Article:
Helfand’s narrow focus on the United Kingdom and the United States may also leave readers wanting more. I often found myself wondering what the rest of the world was up to during this sea change, as well as underrepresented groups living side by side with the book’s all-male cast. On the other hand, Helfand does address working class struggles to find employment after mass production eliminated the need for skilled labor. This consideration of both the positive and negative consequences of the Industrial Revolution adds dimension to the narrative and may serve as great fodder for discussion in book clubs.

Helfand wraps up coverage with a look at China and India’s leading role in the current “Industry 4.0,” defined by its emphasis on cyber connectivity. By making connections between then and now, he grants the past greater relevance in our lives today. The back matter then extends focus to future applications of the technology developed during the Industrial Revolution with an engaging overview of artificial intelligence, robots, and drones.

This book is a good fit for readers ages 10 to 15 who enjoy historic graphic novels, including the Campfire and Graphic History series. Those interested in learning more about the Industrial Revolution also may benefit from reading this book in tandem with other historical accounts that provide additional context for the many names, dates, and technologies covered within.

The Industrial Revolution
by Lewis Helfand
Art by Naresh Kumar
ISBN: 9789381182284
Campfire, 2017
Publisher Age Rating: Teen/Young Adult

  • Johanna

    Past Reviewer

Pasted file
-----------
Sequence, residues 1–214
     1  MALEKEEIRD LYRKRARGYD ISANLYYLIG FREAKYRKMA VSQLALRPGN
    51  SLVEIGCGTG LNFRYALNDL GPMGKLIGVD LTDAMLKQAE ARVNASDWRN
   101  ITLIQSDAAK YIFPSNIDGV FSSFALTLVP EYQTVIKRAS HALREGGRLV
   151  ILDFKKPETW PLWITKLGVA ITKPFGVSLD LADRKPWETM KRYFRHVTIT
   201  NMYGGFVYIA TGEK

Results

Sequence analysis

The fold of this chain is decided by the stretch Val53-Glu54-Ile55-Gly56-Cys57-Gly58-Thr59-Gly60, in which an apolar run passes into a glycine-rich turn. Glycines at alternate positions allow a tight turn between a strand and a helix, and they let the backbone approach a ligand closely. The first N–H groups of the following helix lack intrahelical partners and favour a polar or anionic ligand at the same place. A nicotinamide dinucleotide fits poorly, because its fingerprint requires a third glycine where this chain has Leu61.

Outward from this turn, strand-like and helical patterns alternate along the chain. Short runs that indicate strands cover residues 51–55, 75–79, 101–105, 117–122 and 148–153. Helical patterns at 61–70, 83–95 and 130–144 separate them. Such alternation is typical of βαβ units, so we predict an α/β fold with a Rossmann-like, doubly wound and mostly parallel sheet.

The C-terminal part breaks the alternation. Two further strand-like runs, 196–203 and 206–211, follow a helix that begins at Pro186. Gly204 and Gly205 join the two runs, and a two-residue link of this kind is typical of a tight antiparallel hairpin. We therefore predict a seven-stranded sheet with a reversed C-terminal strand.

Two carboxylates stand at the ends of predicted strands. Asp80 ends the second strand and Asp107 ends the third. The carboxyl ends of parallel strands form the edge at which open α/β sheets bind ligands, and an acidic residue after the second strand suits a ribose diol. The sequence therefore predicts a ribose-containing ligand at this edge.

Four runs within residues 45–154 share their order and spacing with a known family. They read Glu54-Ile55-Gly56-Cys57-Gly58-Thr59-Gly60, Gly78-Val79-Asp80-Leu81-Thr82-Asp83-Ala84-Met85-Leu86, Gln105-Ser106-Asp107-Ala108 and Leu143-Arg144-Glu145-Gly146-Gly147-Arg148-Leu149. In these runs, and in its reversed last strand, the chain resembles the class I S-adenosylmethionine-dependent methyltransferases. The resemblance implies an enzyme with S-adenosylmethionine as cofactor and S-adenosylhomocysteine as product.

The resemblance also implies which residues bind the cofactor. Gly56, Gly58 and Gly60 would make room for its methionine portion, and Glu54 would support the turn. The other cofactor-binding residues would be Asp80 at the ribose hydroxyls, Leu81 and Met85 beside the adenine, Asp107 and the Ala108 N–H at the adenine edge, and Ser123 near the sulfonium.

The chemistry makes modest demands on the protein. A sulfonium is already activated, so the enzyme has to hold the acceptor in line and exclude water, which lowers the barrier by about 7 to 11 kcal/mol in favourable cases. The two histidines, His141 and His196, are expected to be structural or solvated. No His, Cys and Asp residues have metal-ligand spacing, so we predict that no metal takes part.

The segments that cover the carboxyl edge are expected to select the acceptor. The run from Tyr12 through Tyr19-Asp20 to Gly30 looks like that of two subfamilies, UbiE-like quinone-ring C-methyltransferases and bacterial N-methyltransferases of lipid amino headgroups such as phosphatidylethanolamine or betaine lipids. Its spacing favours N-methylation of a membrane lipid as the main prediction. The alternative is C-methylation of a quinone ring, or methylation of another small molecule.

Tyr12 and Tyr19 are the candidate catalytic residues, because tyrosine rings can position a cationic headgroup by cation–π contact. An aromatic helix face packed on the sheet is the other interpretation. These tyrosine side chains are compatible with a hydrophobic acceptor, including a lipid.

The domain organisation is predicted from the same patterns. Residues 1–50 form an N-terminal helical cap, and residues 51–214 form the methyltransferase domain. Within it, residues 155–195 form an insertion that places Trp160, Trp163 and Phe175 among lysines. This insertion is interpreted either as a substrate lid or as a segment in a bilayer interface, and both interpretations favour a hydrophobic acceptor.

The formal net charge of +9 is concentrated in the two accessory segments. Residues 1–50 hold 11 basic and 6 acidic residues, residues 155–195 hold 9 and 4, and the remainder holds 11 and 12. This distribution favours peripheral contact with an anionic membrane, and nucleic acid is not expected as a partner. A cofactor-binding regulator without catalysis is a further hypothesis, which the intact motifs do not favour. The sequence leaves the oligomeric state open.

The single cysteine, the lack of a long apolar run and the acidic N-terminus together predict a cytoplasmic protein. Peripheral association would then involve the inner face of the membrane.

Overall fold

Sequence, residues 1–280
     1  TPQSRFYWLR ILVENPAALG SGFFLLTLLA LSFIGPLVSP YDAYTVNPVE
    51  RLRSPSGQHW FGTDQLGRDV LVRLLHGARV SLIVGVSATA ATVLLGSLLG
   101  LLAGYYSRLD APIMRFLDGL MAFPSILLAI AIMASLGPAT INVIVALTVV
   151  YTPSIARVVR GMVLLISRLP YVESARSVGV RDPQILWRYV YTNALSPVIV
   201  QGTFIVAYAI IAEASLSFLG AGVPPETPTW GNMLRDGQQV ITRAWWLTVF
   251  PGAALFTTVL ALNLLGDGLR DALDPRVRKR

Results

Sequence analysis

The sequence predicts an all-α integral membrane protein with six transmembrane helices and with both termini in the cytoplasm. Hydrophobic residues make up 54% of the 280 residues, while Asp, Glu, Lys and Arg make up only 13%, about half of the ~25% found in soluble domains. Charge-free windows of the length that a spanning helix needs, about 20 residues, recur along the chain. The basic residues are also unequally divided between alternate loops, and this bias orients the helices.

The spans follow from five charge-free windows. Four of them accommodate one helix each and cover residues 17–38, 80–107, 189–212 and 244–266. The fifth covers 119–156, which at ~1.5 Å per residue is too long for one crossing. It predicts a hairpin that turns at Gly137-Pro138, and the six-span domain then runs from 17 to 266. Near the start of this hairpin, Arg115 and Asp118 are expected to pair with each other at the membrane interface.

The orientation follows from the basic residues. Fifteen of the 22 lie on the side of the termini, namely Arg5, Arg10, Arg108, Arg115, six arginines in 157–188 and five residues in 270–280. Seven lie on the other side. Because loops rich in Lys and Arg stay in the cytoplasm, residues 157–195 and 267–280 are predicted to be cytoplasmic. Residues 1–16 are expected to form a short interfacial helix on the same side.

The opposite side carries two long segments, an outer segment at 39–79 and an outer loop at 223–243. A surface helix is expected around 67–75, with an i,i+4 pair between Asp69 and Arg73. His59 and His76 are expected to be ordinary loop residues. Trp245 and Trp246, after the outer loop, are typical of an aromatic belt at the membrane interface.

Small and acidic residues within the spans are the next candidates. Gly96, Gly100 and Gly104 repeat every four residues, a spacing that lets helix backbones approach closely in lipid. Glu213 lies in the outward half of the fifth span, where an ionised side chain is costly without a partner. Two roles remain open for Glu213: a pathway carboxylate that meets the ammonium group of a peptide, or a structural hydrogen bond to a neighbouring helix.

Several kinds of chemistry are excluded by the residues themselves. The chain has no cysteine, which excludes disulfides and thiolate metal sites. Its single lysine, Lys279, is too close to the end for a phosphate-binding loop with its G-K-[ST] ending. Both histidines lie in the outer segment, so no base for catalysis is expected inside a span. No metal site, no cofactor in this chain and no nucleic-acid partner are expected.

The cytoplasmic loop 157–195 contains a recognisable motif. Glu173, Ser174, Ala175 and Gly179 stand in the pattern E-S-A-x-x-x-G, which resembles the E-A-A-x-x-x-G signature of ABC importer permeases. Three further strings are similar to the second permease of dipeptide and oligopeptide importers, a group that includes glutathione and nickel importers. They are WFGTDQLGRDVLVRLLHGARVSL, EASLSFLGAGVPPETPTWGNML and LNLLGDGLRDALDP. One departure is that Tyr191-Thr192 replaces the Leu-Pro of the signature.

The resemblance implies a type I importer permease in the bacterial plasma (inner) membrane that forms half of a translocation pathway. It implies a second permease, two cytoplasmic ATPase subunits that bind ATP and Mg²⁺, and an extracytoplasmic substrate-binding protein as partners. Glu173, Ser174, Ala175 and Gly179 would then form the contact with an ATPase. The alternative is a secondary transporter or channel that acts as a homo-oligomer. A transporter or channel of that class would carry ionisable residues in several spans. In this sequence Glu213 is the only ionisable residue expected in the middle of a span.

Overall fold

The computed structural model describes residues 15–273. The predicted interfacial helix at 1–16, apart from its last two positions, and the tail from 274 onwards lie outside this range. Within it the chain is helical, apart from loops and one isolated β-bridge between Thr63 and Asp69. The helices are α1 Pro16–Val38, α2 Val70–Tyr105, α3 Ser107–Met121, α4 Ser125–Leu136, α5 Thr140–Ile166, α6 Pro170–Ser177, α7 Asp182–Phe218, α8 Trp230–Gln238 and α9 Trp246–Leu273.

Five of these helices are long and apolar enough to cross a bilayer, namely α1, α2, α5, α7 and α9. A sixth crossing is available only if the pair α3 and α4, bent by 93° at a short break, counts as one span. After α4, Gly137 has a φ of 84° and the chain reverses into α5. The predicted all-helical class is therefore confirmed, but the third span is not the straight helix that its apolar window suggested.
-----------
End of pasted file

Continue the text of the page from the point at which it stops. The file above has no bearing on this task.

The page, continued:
This reviewer is not longer actively working on our site, but we would not be here if not for our many dedicated contributors over the years. We thank all of them for their reviews, features, and support! Johanna Nelson is a full-time graduate student pursuing her MLIS at the University of Wisconsin-Milwaukee. Through her studies, she discovered a love for the graphic novel format thanks to the likes of Raina Telgemeier and Art Spiegelman. While the two may seem like opposite ends of the spectrum, both masterfully combine narrative and picture to create a compelling, rich story greater than the parts alone. As an aspiring school librarian, who will soon be on the path to teacher greatness through dual certification in education and library media specialization, Johanna also loves to explore the seemingly endless possibilities graphic novels hold when it comes to teaching and building literacy skills, helping English language learners, reaching out to reluctant readers and matching each and every kiddo with just the right book thanks to the wide range of subject matter available in this format. Prior to leading the “glamorous” life of a toiling student, Johanna served as features editor for a cheese and dairy trade newspaper that helped to cultivate her writing skills as well as her love for deliciously unique artisan cheeses – triple cream anyone? She also has held several library positions including page and library specialist in the children’s department of a public library. In her free time, she enjoys embracing her inner nerd through watching Jeopardy!, doing crossword and jigsaw puzzles, bird watching, hiking, sketching, and of course, reading whatever she can get her hands on.